London-based toothbrush company Suri has created Sustainable Sonic Toothbrush, an electric toothbrush with an aluminium body and brush heads made from plant-based materials that can be recycled after use.
Suri founders Mark Rushmore and Gyve Safavi designed the Sustainable Sonic Toothbrush after learning that nearly every plastic toothbrush ever owned still exists in the world. They believe it could replace plastic toothbrushes – four million of which they say are disposed of each year around the world.
“Over the last few decades, electric brushes haven’t meaningfully changed; only novelty features, such as Bluetooth-enabled apps, have emerged on the market under the guise of innovation,” Rushmore told Dezeen.
“While most are bulky composites of plastic that can’t be recycled because they’re welded shut, it’s no surprise that every year over four billion brushes – including electric ones – are thrown away and end up either in landfill or in our oceans,” he added.
“We wanted to create a brush that champions design, performance and sustainability without compromise.”
The Sustainable Sonic Toothbrush heads, which come with medium to soft bristles are made from corn starch and castor oil.
Traditional toothbrushes usually have bristles made from nylon, which end up as landfill waste or marine waste for decades.
By contrast, Suri claims that they are 100 per cent recyclable. Users can send their used brush heads back to the brand in the post in compostable paper bags provided by the company.
By using a pre-paid compostable return service, Suri hopes to make the process of changing heads as easy as possible and discourage its customers from switching back to disposable brushes out of convenience.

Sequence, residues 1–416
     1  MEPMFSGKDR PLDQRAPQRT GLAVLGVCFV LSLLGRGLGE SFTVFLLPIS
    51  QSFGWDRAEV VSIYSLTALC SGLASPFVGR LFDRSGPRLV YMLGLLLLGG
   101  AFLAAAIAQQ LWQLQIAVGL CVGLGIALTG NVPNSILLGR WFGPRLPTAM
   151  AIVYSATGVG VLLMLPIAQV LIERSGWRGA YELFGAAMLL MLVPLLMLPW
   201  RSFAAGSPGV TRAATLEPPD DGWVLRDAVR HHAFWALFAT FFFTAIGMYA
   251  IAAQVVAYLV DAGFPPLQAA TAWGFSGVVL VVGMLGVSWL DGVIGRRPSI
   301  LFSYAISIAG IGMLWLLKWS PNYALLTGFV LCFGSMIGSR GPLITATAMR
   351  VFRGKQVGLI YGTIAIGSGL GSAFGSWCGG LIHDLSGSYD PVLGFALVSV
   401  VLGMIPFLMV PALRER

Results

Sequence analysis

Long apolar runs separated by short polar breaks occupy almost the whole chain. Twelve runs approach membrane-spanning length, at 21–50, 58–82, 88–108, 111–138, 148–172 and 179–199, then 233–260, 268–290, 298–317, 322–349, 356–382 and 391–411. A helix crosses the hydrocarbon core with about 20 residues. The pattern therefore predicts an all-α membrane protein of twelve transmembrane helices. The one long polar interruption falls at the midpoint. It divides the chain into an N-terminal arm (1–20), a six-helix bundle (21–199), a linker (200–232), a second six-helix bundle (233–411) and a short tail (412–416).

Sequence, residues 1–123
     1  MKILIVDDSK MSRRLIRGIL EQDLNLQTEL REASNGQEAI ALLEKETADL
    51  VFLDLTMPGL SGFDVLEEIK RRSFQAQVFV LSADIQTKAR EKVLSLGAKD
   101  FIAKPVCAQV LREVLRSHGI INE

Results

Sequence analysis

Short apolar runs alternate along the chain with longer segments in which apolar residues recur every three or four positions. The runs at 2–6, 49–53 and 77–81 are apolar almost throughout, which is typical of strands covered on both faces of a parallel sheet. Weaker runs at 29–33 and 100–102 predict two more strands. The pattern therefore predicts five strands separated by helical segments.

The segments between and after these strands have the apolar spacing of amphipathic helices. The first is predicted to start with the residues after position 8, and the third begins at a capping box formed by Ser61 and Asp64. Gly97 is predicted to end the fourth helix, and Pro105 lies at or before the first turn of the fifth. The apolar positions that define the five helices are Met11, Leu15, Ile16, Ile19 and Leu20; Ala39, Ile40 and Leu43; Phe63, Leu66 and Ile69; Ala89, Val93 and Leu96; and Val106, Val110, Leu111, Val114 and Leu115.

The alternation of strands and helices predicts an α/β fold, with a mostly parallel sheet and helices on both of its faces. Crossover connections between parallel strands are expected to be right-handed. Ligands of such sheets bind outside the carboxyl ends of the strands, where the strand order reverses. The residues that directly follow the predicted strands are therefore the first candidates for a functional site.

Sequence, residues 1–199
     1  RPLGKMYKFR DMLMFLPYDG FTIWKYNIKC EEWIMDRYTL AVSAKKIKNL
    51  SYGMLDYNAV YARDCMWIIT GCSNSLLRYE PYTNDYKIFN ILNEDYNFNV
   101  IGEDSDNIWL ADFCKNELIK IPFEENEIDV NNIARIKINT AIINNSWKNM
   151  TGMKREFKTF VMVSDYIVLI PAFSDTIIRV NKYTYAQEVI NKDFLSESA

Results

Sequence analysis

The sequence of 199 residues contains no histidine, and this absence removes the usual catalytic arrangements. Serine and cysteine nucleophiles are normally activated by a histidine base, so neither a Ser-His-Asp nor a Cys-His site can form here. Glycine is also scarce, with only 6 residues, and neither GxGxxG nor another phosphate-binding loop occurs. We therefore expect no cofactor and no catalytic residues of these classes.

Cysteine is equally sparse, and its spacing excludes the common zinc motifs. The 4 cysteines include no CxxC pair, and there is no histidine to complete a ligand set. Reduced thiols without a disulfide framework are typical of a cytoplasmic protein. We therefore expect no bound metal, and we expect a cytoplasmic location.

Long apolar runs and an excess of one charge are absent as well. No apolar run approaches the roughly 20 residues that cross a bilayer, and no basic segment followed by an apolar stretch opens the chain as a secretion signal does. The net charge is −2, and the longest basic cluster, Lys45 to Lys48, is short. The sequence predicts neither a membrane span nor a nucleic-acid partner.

The company recommends changing the brush head every three to four months as you would traditional electronic toothbrush heads.
Alternatively, the brush heads can be recycled at home by removing the bristles and disposing of them in a home waste bin where the brand says they will eventually break down in a couple of years.
According to the toothbrush manual, the metal clips that connect the bristles to the head and the inner core of the head can also be recycled at home in the same way as aluminium foil. The remaining cornstarch shell can be sent to a local industrial composter.
Meanwhile, the aluminium body can be sent back to Suri to be repaired or have its rechargeable Li-ion batteries replaced once they run out. The batteries are designed to last for up to 30 days without being charged.
“Once a customer’s battery dies, they can send back the brush to us to replace the battery or complete any other repairs, if necessary,” Safavi explained.
“Whilst we’re refurbishing the brush, we will send that customer a replacement brush so they can still brush their teeth.”
Despite Suri’s sustainability claims, the brand sources the materials and manufactures its toothbrushes in China. As a result, the product’s carbon footprint is much larger than it would be if the product was manufactured locally.
“All components are sourced in China but we found that we could reduce our scope three emissions by not shipping parts to the region to assemble and then ship on once again,” Rushmore said.
“We are looking to make production more local, but this was the most optimal way to launch with sustainability in mind.”
Cutting down on virgin plastic in toiletries is one way that designers are trying to make their products more sustainable.
New York toiletries company By Humankind created refillable deodorants and dehydrated mouthwash that come in paper pods made of biodegradable paper while design studio Visibility developed a re-fillable container for plant-based deodorant brand Myro that uses 50 per cent less plastic than a regular disposable toiletry.
Suri’s Sonic Toothbrush has been shortlisted in the product design category of the Dezeen Awards. Other products shortlisted for design awards include Tenuto 2, a wearable vibrator by MysteryVibe that is designed for those who experience erectile dysfunction.
Images are courtesy of Suri.